Winter Squash Filo Spiral by Eva Kosmas Flores | Adventures in Cooking

Winter Squash Filo Spiral

Author Eva Kosmas Flores

Ingredients

  • 2 cups pureed roasted winter squash or canned pumpkin
  • 1 cup plus 2 tablespoons granulated sugar
  • 1 teaspoon ground cinnamon
  • 1/4 teaspoon vanilla extract
  • 1 lb filo dough thawed if frozen
  • 3/4 to 1 cup California Olive Ranch Arbequina olive oil

Instructions

  1. Preheat the oven to 375 degrees Fahrenheit. For the filling, mix together the squash, 1 cup sugar, cinnamon, and vanilla extract in a medium bowl until smooth. Set aside.
  2. Lightly grease a round baking pan or Dutch oven that’s roughly 10 to 12 inches in diameter and set it aside. When you’ve opened the air-tight package of the filo, lay it flat on a clean working surface and cover it with a clean kitchen towel. Each time you grab a sheet of filo from the pile, make sure to cover the pile with the kitchen towel, otherwise it will dry out very quickly, crumble around the edges, and become impossible to work with.
  3. On a clean flat working surface, lay out one sheet of the filo dough and lightly brush it with olive oil, brushing all the day to the edges. Lay another sheet on top of it, and lightly brush it with olive oil as well. Repeat 4 more times, so you have 6 sheets of filo dough on top of each other. Take a large spoonful of the filling and empty it about 1-inch from the edge of one of the long sides of the filo in a straight line that’s about 1-inch wide and begins and ends about 1-inch from the edge of the dough, refilling the spoon with the filling as necessary to make the complete line. Take the edge of the filo closest to the filling line and roll it over the filling, taking care to keep the filling inside. Keep rolling it until all the filo is rolled up and you have a long cylinder of stuffing. Place the cylinder in the pan, bending it as necessary to shape it to the circular edge of the pan. Brush the placed cylinder with olive oil.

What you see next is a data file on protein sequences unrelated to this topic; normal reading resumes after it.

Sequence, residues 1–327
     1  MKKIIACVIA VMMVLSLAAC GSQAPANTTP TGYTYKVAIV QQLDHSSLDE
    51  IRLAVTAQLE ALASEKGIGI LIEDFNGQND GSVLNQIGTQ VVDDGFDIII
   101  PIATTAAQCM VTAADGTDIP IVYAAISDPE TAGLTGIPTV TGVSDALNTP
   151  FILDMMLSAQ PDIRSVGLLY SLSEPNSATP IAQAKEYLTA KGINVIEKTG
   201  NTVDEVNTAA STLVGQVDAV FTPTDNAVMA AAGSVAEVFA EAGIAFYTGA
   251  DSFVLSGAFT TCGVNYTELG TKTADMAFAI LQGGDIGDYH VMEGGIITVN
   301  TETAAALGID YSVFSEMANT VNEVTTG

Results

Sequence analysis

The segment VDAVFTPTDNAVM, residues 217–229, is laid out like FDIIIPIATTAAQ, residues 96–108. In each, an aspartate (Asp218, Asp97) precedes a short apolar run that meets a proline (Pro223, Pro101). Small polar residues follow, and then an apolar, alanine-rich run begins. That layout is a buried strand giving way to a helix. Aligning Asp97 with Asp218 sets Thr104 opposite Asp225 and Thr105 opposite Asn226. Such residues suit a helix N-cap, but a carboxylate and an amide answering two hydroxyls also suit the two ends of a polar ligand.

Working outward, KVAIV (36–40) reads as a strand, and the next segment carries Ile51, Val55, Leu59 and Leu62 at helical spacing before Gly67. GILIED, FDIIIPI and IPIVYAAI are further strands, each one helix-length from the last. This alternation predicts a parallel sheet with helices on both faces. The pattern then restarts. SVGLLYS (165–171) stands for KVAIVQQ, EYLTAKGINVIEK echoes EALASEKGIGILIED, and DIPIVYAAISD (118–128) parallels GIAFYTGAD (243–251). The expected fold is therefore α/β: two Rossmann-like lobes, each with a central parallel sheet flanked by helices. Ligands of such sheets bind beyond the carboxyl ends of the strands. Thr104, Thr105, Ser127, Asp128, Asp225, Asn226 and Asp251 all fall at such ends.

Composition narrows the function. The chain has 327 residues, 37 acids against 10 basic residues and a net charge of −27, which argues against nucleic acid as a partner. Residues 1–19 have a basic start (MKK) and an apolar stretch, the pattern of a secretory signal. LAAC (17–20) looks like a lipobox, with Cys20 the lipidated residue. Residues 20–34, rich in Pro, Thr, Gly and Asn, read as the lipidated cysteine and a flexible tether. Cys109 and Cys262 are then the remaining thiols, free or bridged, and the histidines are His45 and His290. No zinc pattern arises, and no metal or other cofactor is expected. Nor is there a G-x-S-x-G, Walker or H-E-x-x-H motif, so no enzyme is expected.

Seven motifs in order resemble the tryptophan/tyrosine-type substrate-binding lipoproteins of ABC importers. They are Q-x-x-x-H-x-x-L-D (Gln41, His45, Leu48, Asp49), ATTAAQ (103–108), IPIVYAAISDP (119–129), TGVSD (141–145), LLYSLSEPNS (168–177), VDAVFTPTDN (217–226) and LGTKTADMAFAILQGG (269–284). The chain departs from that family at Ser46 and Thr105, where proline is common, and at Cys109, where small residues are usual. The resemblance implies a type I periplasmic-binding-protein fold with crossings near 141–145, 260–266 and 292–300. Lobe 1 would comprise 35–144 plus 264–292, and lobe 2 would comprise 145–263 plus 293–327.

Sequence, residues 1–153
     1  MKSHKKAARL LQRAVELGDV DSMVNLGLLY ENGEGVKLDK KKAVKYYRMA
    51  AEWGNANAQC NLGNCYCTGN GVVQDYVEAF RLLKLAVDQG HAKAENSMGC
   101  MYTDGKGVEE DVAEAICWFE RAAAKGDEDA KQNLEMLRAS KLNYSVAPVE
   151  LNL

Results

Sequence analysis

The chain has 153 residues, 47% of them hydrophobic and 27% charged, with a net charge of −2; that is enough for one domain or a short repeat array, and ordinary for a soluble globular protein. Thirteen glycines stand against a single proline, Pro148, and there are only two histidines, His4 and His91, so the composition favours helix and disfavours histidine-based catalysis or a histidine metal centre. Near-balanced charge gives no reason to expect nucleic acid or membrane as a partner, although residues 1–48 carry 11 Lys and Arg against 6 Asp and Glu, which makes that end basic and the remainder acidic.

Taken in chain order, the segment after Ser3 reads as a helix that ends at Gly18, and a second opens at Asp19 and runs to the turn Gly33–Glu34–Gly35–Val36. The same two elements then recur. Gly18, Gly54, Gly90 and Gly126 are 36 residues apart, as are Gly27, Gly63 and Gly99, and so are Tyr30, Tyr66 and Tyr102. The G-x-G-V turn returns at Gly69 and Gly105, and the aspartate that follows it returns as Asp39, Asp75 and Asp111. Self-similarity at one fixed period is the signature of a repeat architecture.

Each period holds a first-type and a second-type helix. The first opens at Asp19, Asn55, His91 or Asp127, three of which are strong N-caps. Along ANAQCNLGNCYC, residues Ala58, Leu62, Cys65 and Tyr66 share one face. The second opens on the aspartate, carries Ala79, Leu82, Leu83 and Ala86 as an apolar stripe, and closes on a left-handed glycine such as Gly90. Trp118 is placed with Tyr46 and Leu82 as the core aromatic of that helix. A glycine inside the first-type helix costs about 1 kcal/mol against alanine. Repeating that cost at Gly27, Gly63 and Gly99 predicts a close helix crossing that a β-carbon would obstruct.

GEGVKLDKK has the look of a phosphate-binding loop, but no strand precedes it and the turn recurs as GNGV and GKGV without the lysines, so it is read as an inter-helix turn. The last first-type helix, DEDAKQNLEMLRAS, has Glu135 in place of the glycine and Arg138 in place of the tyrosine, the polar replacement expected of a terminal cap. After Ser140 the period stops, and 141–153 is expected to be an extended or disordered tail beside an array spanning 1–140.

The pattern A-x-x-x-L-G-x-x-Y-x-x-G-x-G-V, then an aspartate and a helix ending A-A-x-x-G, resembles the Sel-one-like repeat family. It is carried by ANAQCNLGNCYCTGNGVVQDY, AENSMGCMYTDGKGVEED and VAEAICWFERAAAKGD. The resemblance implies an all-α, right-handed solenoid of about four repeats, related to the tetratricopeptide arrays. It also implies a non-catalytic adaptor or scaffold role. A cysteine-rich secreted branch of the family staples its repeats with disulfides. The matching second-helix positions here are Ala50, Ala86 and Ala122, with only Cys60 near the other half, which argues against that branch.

4. Repeat this process again so you have another cylinder of stuffing wrapped in filo, and line up the end of this cylinder with the end of the last one, forming a spiral shape in the pan. Brush the placed cylinder with olive oil. Repeat until you have filled up the pan with the stuffed filo cylinders and created a spiral, which will take about 4 to 6 stuffed cylinders total.
  5. Sprinkle the remaining 2 tablespoons of sugar over the pan. Place the pan in the oven and bake until the filo turns golden and smells very aromatic, about 35 to 45 minutes. Remove from the oven and allow to cool for 20 minutes before slicing and serving.

 

Winter Squash Filo Spiral by Eva Kosmas Flores | Adventures in Cooking

 

Winter Squash Filo Spiral by Eva Kosmas Flores | Adventures in Cooking
Winter Squash Filo Spiral by Eva Kosmas Flores | Adventures in Cooking
Winter Squash Filo Spiral by Eva Kosmas Flores | Adventures in Cooking
Winter Squash Filo Spiral by Eva Kosmas Flores | Adventures in Cooking

 

Winter Squash Filo Spiral by Eva Kosmas Flores | Adventures in Cooking

 

Winter Squash Filo Spiral by Eva Kosmas Flores | Adventures in Cooking

 

Winter Squash Filo Spiral by Eva Kosmas Flores | Adventures in Cooking
Winter Squash Filo Spiral by Eva Kosmas Flores | Adventures in Cooking